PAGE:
If Matt Hancock got one thing right during this pandemic, it was to say that nurses are the lifeblood of the NHS. And the Health Secretary added that without them, the health service would die.
Boris Johnson singled out the two nurses who tended him – when his own life hung in the balance as he was racked by Covid-19 – for their dedication, skill and overwhelming
The PM also rightly recognised that they were typical of the hundreds of thousands of others putting their own lives at risk to save others.
Yet in the public sector pay round last week, Mr Hancock and Mr Johnson left nurses out.
They have every right to feel hurt, undervalued – and bloody furious.
So much so that, as the Sunday Mirror reveals today, 250,000 of them are now considering quitting.
That would be both a tragedy and a disaster.
It is true that nurses, along with other NHS workers, agreed a three-year pay deal which does not run out until next March.
In normal times, they would have stuck to their side of the bargain and not expected a rise until then.
But these are not normal times. These are the most extraordinary times the NHS has been through since its 1948 foundation.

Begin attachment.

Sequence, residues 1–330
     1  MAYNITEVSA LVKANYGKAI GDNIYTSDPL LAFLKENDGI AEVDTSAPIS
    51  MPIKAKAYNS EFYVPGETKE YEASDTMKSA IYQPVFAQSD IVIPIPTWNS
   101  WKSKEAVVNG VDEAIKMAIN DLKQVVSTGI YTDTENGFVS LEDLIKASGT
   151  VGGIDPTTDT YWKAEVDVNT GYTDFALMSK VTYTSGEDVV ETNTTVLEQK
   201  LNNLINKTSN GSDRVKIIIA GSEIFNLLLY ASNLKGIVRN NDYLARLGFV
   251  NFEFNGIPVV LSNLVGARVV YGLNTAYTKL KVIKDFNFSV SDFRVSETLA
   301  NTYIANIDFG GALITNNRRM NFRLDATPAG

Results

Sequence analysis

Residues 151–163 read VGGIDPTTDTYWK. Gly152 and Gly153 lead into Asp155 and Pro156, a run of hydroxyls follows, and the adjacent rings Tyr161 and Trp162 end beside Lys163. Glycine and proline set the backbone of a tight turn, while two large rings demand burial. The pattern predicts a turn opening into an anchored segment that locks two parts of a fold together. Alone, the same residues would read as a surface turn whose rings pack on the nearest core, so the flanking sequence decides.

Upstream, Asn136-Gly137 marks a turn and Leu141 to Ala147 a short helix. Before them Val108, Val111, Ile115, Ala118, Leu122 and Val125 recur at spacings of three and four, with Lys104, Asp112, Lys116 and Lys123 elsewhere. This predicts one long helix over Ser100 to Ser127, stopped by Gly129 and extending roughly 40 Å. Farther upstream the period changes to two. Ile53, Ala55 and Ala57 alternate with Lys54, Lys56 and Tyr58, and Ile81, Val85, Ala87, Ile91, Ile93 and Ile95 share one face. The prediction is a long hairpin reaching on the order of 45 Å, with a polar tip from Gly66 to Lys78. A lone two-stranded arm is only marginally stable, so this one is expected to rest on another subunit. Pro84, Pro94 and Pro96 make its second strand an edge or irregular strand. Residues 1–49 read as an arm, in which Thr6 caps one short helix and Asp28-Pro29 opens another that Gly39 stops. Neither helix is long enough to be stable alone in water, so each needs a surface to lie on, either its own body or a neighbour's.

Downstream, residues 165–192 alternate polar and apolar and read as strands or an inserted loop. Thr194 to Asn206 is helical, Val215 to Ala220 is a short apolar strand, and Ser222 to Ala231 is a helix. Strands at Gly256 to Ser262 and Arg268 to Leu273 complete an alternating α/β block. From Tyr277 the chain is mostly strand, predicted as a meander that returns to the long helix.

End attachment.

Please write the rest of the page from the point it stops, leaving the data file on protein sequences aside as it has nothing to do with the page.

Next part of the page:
Hospital staff have performed superhuman feats to care for the sick and dying, and hundreds have died themselves doing it.
We clapped for them because it was the only way under lockdown we could express our immense and heartfelt gratitude.
Mr Johnson verbally patted them on the back. Now he has slapped them in the face.
Just as the coronavirus has changed all our lives, it should also change how we reward those who have given their all.
That means starting pay negotiations now to ensure a hefty rise is in wage packets by Christmas.
This is not the most you can do for them, Mr Johnson. It is the least.
Act of comfort
The argument in favour of a Child Burial Fund to help parents hold funerals for their most precious loved ones was unassailable.
Labour’s Carolyn Harris made it time and again in the Commons. The Sunday Mirror campaigned alongside her. And behind the scenes so did most MPs, including Theresa May when she was PM.
Only the stone-hearted scrooges in the Treasury stood in the way.
A year ago the argument was finally won and the Treasury coughed up the cash.
The Child Burial Fund has now spared nearly 3,000 families the stress of funeral costs on top of the devastation of losing a child.
This is a fund everyone prays they will never have to use.
But for those that do, it provides a little much-needed comfort at the worst time in their lives.